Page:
A plan to create a public access pond in Fort Stockton appears about to be shelved.
A well drilling permit obtained in June by Donohue Investments, LLC from the Middle Pecos Groundwater District (MPGCD) is set to expire on Thursday, Oct. 18.
To move forward with drilling a well on the site of the recently opened Fort Stockton RV and Resort at 14th and Adkins streets, a variance would have needed to be obtained from the Fort Stockton City Council.
The council met Tuesday, Oct. 9 with no such matter on the agenda. The agenda for the Tuesday, Oct. 16 MPGCD meeting does not include any items pertaining to the Donohue or the well permit.
The plan was to create a three- to four-acre pond on property owned by Donohue as part of the RV park. The pond would’ve then become a public use site.
“When the plan first came up, I thought ‘man, that would be awesome,” said Fort Stockton Mayor Chris Alexander. “I’ve been trying to get a fishing pond in here for years. That was awesome, but the problem is we have a budget to pass and we don’t the money for it. Even if they (Donohue) did (drill), it was going to be a long-range project for us.
“The ball’s all in his court. It’s his property and his permit.”
Donohue Investments LLC is listed as an Arizona entity in its Foreign Entity Registration with the Texas Secretary of State. John G. Donohue is listed as the manager of the entity and Fort Stockton attorney Frank Lacy as its agent in Texas. Donohue Investments also lists an address at 701 N. Rooney in Fort Stockton.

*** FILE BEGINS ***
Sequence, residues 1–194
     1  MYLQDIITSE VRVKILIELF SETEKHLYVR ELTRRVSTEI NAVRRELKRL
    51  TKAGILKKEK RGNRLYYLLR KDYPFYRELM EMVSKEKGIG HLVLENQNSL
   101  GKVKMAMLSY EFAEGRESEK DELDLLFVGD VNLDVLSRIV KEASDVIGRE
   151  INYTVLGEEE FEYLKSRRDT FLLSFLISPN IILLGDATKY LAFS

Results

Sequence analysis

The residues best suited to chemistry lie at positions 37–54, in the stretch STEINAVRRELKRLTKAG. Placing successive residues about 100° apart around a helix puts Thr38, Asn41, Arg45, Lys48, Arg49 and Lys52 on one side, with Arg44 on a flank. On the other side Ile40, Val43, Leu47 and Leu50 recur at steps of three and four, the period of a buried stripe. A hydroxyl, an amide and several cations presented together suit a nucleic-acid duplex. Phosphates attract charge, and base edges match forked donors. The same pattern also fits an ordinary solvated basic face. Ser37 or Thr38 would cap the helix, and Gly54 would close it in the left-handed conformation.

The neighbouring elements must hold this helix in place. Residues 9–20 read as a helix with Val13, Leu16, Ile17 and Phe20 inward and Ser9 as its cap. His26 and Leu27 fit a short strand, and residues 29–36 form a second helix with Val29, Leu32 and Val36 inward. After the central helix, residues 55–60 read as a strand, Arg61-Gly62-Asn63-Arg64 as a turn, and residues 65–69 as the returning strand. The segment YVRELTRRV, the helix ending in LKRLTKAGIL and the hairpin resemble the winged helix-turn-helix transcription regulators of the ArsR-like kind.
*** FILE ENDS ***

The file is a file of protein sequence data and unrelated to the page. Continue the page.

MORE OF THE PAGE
The filing in Arizona was made on June 17, 2018, two days before the MPGCD approved the permit at its June 19 regular meeting.
Economic Development Director Remie Ramos made the presentation to the MPGCD on behalf of Donohue. Ramos said that Donohue asked him to make the presentation because he couldn’t be there in person.
Ramos said he used the presentation Donahue providing and that he has previously made presentations on behalf of business in cases where the party could not attend the meeting in person.
“The pond is geared toward tourism and the enhancement of that area, which has always been an eye sore as you come in from the east end of town,” said Ramos told the MPGCD during his presentation.
While the permit passed on a 6-3 vote, concerns were raised over rainwater and overflow drainage, which Ramos said would spill into the city's Comanche Creek, which is adjacent to the property. According to Ramos, Donohue Investments owns property rights all the way up to Comanche Creek and a future agreement between the city for drainage would need to be arranged.
Another rconcern was the need for water to be continuously pump to maintain water levels.
“Evaporation is a big issue out here,” said board member John Dorris, building on to the questions asked by Gonzalez. “Of course, to me this is just a vanity pond. But do you have any idea what it costs to keep one of those things pumping and filled up? You better look this deal over pretty good Remie. That's a lot of water.”
Ramos responded that he and Donohue Investments have been working with MPGCD General Manager Ty Edwards to identify possible evaporation, seepage and overflow levels.
Board member Alvaro Mandujano Jr. was one of the MPGCD board members in full support of the pond and commented that it would be a good asset for the community.